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Amy Wood


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Amy Wood

A message from Amy Wood, Executive Director

“Alone we can do so little;
together we can do so much.”

— — Helen Keller

My husband and I started this foundation in 2017 with a simple idea to provide handheld blood analyzers to brain tumor survivors like our son Alex. We had struggled so long to effectively manage his diabetes insipidus and the analyzer changed our lives. We knew others needed to have access to this device so we set out to remove the barriers to getting them. We quickly realized that there were so many other issues that needed to be tackled both for Alex and other survivors — issues likely faced by you or your child or loved one.

I have never run a nonprofit organization before, but I gathered my skills from a long career in web design, marketing and communications, and put them to work to build this organization. We then gathered a small board of directors, dedicated to the mission, and, together, we have created a small but mighty organization actively working to better the lives of brain tumor survivors. After running the foundation on the side from 2017 to 2020, I gave up my career and income as a creative director in a web development company to become the executive director of RAWF, which has been a passion project.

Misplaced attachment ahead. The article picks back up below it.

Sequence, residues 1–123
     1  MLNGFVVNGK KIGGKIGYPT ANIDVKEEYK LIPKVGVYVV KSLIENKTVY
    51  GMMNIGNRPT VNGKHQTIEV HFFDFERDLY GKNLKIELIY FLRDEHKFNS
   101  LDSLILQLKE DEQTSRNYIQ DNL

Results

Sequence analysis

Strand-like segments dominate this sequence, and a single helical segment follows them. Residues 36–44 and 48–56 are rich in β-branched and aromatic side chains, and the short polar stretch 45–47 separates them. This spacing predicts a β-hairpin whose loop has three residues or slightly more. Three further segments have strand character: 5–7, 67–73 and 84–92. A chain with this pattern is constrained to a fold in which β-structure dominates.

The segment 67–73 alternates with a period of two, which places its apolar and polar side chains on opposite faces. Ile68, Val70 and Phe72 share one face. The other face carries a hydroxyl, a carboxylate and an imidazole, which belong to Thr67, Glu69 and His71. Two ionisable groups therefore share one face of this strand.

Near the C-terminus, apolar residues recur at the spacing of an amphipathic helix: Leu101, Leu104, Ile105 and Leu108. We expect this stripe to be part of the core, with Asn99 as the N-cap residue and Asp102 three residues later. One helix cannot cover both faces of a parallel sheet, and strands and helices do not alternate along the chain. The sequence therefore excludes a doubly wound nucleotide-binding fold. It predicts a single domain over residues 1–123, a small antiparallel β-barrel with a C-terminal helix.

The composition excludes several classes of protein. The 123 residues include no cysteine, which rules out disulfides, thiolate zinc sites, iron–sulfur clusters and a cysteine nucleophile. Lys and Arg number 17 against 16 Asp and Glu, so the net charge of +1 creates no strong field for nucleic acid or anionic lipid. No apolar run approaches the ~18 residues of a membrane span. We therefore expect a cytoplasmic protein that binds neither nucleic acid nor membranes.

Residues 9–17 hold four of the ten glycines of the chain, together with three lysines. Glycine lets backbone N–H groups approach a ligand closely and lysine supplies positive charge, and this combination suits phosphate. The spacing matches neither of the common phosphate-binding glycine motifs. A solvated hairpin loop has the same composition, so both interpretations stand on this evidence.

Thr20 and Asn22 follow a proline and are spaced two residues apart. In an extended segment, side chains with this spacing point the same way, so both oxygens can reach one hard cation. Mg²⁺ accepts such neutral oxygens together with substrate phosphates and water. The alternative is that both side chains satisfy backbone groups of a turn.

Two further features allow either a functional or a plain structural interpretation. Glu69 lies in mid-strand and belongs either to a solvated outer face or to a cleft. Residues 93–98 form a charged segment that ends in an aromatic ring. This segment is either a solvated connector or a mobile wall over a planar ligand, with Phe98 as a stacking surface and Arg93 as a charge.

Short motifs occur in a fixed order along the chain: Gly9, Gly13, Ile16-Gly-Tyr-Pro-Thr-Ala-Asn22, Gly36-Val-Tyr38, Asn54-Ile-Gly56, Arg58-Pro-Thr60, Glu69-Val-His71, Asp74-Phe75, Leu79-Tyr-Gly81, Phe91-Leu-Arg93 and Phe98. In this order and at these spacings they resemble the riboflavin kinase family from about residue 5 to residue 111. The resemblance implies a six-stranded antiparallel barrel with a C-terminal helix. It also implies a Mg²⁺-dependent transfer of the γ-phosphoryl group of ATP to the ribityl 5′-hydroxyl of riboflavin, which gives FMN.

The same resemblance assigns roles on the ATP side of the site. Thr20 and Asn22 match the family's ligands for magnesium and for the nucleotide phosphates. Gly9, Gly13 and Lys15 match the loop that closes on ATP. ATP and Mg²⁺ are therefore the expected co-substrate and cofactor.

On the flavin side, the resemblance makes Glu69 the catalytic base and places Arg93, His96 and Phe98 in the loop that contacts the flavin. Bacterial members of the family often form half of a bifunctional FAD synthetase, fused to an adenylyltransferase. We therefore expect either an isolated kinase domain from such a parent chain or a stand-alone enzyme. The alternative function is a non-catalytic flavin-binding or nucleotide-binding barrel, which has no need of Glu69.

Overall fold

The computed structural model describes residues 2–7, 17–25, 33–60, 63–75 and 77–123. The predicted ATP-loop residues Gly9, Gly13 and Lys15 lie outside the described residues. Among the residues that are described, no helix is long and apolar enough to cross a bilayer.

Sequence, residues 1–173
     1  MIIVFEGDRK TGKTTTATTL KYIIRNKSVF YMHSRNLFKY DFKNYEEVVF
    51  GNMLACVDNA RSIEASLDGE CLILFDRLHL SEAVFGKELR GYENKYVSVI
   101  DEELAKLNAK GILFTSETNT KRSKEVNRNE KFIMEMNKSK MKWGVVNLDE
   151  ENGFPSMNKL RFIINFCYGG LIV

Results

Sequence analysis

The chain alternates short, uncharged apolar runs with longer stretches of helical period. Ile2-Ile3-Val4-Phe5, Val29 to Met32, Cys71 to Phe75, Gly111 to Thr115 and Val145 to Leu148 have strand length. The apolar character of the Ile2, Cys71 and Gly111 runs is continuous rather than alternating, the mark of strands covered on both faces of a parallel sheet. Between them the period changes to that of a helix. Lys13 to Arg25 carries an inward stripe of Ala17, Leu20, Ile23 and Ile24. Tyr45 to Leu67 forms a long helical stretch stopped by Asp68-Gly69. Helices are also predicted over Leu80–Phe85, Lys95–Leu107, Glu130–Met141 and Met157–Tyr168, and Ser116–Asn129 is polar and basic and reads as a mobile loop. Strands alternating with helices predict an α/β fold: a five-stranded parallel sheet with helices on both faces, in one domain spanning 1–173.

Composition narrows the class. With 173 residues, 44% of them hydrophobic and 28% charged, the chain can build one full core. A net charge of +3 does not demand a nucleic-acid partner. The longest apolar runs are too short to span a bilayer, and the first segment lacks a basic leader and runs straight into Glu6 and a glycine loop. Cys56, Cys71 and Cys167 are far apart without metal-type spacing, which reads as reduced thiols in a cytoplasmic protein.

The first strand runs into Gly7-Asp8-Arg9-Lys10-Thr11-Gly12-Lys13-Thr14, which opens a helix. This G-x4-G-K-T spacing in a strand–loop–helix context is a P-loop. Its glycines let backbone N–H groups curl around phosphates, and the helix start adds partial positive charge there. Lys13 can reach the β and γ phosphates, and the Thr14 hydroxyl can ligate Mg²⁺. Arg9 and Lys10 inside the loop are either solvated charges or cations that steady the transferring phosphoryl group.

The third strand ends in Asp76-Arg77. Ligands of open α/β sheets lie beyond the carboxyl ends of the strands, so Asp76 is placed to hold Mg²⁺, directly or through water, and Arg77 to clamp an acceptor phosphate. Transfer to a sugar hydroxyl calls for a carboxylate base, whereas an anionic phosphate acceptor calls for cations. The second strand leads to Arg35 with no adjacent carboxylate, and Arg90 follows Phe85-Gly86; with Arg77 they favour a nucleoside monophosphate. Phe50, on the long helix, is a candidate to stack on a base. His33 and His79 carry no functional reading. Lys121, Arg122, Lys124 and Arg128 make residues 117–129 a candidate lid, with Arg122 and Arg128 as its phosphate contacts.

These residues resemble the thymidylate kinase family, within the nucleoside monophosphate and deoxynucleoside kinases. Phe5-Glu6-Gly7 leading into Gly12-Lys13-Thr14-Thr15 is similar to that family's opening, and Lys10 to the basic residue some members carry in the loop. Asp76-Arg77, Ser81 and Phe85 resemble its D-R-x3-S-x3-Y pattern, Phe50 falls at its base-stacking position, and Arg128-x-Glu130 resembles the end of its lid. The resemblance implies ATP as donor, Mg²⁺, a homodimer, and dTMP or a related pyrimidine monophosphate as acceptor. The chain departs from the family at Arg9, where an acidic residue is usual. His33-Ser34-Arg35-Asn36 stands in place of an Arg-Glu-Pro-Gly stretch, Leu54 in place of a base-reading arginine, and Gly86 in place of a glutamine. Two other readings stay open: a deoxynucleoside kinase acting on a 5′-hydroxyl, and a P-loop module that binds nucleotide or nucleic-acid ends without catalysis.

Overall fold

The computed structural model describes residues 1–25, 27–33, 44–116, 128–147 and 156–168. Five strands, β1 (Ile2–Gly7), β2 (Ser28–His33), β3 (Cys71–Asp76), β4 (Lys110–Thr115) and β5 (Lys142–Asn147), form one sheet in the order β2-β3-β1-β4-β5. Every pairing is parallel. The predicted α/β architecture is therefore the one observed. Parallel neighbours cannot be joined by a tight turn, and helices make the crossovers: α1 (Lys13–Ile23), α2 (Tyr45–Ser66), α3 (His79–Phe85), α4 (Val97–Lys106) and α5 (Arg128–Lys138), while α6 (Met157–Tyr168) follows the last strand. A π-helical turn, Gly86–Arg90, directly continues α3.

I, like many other caregivers of a brain tumor survivor, navigate my son’s good and bad days and advocate for his needs constantly. Maybe like you, I spend hours sorting out our health insurance issues, going to this specialist or that, working to make sure he is getting an education on his ability level, trying to find medications, therapies or tools that will help make his life better. Some days, it is a real challenge to keep it all together, but doing this work gives me some consolation for what Alex has been through and goes through daily.

To be able to keep moving forward, though, I need your help. The most effective rare disease foundations are those that are formed out of a desire for treatment development and improvements, made up of an army of those affected by the disease – parents, caregivers, family members, spouses and survivors.

Last week, we introduced a membership opportunity. This is the way we can build our army — a united group to tackle the bigger issues and get better treatments for both the tumors and the long term effects.

Helen Keller once said “Alone we can do so little; together we can do so much.” We have shown what this small foundation is capable of, with just a few people working together, but what could we do with a whole group of passionate people wanting to make change? I believe the possibilities are endless.

Will you help me? If you or your loved one have benefited from any of our programs and would like to see the work continue to flourish, please consider becoming a member to help us make a difference.